EPISTLE READING - ACTS OF THE APOSTLES 2:1-11
When the time for Pentecost was fulfilled, they were all in one place together. And suddenly there came from the sky a noise like a strong driving wind, and it filled the entire house in which they were. Then there appeared to them tongues as of fire, which parted and came to rest on each one of them. And they were all filled with the Holy Spirit and began to speak in different tongues, as the Spirit enabled them to proclaim.
Now there were devout Jews from every nation under heaven staying in Jerusalem. At this sound, they gathered in a large crowd, but they were confused because each one heard them speaking in his own language. They were astounded, and in amazement they asked, “Are not all these people who are speaking Galileans? Then how does each of us hear them in his own native language? We are Parthians, Medes, and Elamites, inhabitants of Mesopotamia, Judea and Cappadocia, Pontus and Asia, Phrygia and Pamphylia, Egypt and the districts of Libya near Cyrene, as well as travelers from Rome, both Jews and converts to Judaism, Cretans and Arabs, yet we hear them speaking in our own tongues of the mighty acts of God.”
SUNDAY OF THE FATHERS OF THE FIRST NICEAN COUNCIL
On the evening of that first day of the week, when the doors were locked, where the disciples were, for fear of the Jews, Jesus came and stood in their midst and said to them, “Peace be with you.” When he had said this, he showed them his hands and his side. The disciples rejoiced when they saw the Lord. [Jesus] said to them again, “Peace be with you. As the Father has sent me, so I send you.” And when he had said this, he breathed on them and said to them, “Receive the holy Spirit. Whose sins you forgive are forgiven them, and whose sins you retain are retained.”
LITURGICAL QUESTION: OUR POSTURE IN CHURCH
The most common posture is attentive standing. There are no rubrical traditions for standing and sitting at the Liturgy. The traditional churches, of course, did not have pews, and the faithful stood for the Liturgy, chairs being provided only for the weak and elderly, because the Liturgy is not designed to be a marathon contest. Certain patterns of sitting have developed in the Ruthenian Church, yet not all churches follow the same system. In the Ruthenian Church, people usually sit for the litanies and for the antiphons until the Monogenes (“O only-begotten Son ... “) They also sit for the Epistle and the homily. There is a tendency toward more sitting, and visitors who are not a part of the community will sometimes simply sit as spectators. Sitting is certainly a more passive form of participation than standing.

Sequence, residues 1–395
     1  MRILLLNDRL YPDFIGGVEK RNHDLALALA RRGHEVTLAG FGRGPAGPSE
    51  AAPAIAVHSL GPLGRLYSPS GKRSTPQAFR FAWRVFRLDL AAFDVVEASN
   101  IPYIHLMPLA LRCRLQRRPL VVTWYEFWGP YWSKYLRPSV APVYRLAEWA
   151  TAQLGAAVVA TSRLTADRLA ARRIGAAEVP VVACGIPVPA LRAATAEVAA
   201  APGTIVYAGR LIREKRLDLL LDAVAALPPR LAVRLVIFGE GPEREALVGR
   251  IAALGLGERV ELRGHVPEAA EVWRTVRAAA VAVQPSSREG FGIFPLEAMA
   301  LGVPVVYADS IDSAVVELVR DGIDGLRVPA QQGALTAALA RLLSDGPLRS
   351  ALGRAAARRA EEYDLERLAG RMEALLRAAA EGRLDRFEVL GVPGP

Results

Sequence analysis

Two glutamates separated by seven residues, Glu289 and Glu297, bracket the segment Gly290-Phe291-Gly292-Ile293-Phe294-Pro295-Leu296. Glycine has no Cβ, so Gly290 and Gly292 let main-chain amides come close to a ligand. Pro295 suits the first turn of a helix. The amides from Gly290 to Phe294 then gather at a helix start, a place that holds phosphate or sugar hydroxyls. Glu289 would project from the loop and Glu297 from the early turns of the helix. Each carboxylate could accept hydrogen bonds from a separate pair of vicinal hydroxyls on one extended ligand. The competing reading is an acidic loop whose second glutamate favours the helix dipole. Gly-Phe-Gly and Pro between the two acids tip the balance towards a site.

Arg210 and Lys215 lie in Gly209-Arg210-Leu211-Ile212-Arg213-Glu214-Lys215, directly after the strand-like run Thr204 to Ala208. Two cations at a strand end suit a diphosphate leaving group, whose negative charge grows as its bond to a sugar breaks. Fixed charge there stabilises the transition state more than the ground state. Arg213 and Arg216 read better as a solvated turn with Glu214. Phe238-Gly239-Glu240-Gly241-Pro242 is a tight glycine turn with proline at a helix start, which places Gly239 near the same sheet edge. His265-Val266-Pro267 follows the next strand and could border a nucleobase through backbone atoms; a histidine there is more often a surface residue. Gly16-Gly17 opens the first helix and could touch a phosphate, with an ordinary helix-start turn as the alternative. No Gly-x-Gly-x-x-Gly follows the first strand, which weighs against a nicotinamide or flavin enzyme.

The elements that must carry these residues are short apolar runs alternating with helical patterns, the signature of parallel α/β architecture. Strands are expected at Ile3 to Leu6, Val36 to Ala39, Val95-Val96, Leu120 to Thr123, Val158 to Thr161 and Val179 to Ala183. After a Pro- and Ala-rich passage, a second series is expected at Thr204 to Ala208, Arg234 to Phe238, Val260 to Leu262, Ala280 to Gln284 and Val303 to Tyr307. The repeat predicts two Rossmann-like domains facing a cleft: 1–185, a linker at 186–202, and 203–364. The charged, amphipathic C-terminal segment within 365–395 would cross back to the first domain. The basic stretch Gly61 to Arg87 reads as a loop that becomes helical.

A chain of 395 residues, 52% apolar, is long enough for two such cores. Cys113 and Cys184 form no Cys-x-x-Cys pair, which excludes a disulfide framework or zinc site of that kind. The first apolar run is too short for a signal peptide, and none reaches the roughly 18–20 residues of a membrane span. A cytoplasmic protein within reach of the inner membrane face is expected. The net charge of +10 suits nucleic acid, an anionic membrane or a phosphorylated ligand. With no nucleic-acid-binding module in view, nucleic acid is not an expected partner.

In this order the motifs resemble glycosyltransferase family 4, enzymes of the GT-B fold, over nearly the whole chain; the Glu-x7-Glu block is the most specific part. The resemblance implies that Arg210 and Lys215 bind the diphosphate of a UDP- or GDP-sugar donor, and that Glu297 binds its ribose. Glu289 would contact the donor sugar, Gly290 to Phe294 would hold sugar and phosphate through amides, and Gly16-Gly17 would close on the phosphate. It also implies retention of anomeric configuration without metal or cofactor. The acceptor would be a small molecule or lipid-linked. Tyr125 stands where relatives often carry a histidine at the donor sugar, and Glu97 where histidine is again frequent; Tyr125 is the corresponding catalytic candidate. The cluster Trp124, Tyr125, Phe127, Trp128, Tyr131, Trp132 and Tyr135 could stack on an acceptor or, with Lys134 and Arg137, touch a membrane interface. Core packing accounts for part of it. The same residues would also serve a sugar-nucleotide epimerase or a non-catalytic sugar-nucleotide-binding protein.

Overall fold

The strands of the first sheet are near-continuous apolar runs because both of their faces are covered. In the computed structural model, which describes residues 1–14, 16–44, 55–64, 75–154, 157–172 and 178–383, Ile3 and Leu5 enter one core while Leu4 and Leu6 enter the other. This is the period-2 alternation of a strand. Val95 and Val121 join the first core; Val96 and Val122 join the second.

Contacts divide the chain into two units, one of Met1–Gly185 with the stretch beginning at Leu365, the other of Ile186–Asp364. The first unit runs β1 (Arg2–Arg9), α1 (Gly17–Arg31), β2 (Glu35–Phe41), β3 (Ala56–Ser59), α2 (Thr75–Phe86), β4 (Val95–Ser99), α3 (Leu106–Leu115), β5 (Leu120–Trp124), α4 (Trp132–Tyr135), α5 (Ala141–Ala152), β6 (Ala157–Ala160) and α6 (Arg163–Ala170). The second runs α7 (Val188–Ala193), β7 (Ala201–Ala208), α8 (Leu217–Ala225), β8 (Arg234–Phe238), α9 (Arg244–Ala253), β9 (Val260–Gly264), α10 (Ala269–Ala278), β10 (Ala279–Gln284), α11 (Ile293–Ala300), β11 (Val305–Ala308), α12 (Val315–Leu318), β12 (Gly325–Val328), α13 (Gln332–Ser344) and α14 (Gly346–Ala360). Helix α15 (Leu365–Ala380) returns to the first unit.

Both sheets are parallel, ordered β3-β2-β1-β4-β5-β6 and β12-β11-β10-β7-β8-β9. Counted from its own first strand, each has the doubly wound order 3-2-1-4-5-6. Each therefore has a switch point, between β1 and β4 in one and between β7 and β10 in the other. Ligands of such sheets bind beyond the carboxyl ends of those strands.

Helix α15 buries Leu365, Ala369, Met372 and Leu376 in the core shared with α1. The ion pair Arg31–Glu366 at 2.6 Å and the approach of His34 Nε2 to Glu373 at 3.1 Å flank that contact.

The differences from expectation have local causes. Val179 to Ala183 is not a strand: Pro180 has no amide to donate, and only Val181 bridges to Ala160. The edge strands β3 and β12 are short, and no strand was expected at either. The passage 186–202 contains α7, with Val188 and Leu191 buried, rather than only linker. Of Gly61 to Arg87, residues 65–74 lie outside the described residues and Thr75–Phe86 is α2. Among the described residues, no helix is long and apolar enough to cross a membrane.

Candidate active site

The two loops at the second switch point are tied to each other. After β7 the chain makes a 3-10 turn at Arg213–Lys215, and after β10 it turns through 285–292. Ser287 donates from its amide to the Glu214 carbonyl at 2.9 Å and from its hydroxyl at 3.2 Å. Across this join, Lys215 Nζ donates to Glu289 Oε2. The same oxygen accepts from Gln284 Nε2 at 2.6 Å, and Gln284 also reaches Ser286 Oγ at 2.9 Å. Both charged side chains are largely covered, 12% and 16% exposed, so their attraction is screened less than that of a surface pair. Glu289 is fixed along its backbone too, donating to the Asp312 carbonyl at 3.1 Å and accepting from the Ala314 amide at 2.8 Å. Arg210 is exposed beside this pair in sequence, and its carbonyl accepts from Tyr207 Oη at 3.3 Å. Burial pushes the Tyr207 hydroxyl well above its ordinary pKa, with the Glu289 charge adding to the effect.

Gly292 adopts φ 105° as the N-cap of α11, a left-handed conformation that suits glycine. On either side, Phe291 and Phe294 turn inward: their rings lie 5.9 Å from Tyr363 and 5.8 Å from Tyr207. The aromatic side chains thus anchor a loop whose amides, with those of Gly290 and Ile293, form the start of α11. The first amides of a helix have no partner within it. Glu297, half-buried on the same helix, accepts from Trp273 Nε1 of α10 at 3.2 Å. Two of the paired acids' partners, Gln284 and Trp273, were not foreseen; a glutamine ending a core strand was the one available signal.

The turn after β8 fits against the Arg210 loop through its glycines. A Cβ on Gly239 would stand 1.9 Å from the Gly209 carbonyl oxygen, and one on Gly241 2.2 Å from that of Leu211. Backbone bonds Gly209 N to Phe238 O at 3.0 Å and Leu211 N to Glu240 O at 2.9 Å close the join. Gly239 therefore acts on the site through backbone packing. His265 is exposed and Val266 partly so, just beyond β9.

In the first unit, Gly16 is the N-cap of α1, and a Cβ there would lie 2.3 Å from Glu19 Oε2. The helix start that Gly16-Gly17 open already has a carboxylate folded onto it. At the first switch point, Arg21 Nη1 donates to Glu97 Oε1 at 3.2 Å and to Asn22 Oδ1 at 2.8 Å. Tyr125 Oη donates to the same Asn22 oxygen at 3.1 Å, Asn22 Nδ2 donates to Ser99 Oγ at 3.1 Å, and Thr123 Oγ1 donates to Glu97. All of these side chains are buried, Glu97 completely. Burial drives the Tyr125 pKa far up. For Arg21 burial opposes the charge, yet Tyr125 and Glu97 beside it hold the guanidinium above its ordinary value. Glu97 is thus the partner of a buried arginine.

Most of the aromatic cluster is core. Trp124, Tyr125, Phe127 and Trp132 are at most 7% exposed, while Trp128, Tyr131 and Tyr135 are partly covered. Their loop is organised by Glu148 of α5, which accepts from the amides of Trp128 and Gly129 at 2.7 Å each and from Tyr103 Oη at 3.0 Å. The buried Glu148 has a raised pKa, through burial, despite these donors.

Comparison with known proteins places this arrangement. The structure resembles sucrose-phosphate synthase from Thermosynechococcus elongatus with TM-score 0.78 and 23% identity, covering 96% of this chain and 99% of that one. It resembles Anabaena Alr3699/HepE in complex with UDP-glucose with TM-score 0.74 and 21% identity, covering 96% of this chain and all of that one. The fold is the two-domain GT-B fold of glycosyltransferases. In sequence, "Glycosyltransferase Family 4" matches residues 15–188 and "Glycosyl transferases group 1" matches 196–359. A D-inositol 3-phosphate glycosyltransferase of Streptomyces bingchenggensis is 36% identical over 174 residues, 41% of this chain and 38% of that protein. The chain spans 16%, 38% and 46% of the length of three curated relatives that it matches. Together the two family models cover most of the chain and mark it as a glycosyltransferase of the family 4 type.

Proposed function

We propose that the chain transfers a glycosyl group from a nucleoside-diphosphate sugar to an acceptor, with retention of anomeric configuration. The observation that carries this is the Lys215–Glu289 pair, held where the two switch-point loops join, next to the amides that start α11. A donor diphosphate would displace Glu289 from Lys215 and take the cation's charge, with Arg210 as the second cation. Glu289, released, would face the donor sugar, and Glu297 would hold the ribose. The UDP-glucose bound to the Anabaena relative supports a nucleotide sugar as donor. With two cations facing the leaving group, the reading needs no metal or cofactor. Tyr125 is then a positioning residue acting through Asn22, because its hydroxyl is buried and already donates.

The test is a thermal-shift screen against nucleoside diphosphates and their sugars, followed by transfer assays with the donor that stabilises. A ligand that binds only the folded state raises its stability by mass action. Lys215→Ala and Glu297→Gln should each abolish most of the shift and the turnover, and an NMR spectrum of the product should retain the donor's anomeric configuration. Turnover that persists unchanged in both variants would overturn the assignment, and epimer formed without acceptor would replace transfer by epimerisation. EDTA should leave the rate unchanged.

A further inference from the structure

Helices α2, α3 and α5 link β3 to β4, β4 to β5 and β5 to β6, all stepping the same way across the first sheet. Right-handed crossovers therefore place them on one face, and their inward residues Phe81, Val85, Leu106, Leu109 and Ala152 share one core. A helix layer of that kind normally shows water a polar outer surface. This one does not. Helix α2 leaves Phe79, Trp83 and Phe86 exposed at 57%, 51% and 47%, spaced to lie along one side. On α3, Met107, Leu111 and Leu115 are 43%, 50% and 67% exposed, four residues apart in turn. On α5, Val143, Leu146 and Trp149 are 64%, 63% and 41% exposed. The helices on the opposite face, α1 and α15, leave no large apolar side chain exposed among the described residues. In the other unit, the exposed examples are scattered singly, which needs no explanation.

Kneeling for prayer is not permitted in the Byzantine Church on Sundays, the holydays of the Lord and the Theotokos, and the fifty days from Pascha (Easter) to Pentecost, a rule which can be traced back to the First Ecumenical Council of Nicea, Canon20, “Since there are some who kneel on Sunday and during the season of Pentecost, this holy synod decrees that, so that the same observances may be maintained in every diocese, one should offer one’s prayers to the Lord standing.” Note that this refers to kneeling in prayer, so, for example, when a man is ordained, he is not kneeling “in prayer,” but to receive God’s grace. In the West, kneeling became a common prayer posture, while in the East, it always signified penance.
In the Roman Church, kneeling became the standard for receiving Holy Communion, but after the Vatican II Council, standing was permitted. This is now the norm for Catholics in the United States: “The General Instruction asks each country's Conference of Bishops to determine the posture to be used for the reception of Communion and the act of reverence to be made by each person as he or she receives Communion. In the United States, the body of Bishops determined that Communion should be received standing, and that a bow is the act of reverence made by those receiving. These norms may require some adjustment on the part of those who have been used to other practices, however the significance of unity in posture and gesture as a symbol of our unity as members of the one body of Christ should be the governing factor in our own actions.”
In the Eastern Church, the practice of standing to receive Holy Communion is much stronger, even though in the past some Eastern Catholic Churches adopted the Roman custom. The rule now is that Communion must be received standing. Holy Communion is a partaking in the Body and Blood of our Lord. Of course, we are not worthy of this gift, but we are made worthy by divine grace. Since Communion is the reception of the risen Body of Christ, we too in receiving it are “raised up,” and begin to share in his risen life. Standing is a natural sign of resurrection. This posture, then, is an expression of our faith.